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Tower Approval: Do Your Homework

A Primer to Help You Prepare for That Next NIMBY Fight - or Avoid It Altogether

A Primer to Help You Prepare for That Next NIMBY Fight – or Avoid It Altogether
Zoning ResourcesYour local ordinance can be found online at

A hardbound copy of your local code generally is available by request from the zoning department.

The FCC Towair program locates nearby public airports. Find it at

Nearby towers in the FCC tower base can be found at

Many counties maintain a map of the towers in their area. This information is available through their GIS department. You may find any AM stations within two miles (or any other radius) at
The process for getting a new tower approved can be scary. Let’s take a look at steps that will improve your odds for approval.

Speaking broadly, you will first do your homework. Then you’ll make preliminary contacts with the zoning board, assemble your team, prepare your application and finally appear for your meeting.

Local boards are looking for a showing of need, public benefit and harmlessness. They also want to know how your structure fits in with the current and planned zoning for the area. Will it be aesthetically pleasing? Does it pose any threat to the safety or disturb the peace of the neighborhood?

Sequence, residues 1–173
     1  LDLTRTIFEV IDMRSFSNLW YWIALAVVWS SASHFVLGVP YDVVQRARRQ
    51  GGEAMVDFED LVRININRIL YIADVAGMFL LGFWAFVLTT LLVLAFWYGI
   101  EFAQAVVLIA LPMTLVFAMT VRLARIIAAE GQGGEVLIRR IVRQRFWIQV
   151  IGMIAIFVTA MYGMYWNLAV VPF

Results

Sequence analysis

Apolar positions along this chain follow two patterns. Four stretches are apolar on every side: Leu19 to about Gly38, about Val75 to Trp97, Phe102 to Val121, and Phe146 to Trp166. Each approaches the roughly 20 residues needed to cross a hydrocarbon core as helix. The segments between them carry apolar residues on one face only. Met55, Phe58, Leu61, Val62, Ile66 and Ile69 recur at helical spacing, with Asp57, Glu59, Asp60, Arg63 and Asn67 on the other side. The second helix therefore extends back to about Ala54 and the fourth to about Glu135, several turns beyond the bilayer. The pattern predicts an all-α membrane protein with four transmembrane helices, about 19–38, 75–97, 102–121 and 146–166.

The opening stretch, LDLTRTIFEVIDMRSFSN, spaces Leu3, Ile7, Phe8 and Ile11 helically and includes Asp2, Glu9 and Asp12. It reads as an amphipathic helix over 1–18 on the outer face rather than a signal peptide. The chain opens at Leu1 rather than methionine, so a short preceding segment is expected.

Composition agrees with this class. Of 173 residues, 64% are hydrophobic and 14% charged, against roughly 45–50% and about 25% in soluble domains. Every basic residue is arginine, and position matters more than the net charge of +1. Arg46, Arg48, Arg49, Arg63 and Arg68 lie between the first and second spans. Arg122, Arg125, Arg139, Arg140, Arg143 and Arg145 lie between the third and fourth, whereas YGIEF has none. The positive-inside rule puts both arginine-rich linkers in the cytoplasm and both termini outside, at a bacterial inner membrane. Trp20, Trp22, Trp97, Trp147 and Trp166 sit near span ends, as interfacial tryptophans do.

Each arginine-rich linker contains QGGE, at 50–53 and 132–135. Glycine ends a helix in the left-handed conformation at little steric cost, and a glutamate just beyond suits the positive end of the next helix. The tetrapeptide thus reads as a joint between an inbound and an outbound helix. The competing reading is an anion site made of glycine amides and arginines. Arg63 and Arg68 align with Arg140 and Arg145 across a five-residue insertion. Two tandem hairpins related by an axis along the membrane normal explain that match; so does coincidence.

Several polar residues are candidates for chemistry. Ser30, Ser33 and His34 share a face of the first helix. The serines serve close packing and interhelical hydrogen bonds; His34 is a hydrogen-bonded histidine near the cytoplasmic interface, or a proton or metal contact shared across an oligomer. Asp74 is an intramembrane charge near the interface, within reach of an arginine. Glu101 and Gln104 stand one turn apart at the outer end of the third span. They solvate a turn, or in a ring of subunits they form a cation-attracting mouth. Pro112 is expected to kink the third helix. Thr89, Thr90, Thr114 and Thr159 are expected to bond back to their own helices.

You will be arguing that your tower is the best way to achieve your goal, that your tower serves the public interest and that it will create no harm for your neighbors or workers.

Site selection

Suppose you have an AM station. Why is the site you chose the best? You will need to convince the board that you only have a limited area in which to move, that you have considered alternative locations and that you ruled them out for good reasons.

Your engineer will be helpful; he can tell you the boundaries of where your AM will fit. It needs to serve the community of license and protect other stations. In many cases there is only a limited area where the station can go.Would a move from your proposed site reduce the number of people served? Will it reduce the coverage of your community of license?

Depending on the antenna height, the number of properties on which you can build likely will be limited. Taller towers normally mean larger parcels of land to satisfy the fall zone and setback requirements. In most cases, collocation will not be feasible because tower operators will not accept the potential interference from an AM. The public-interest aspect of the station should be noted. In many applications more than one station is affected.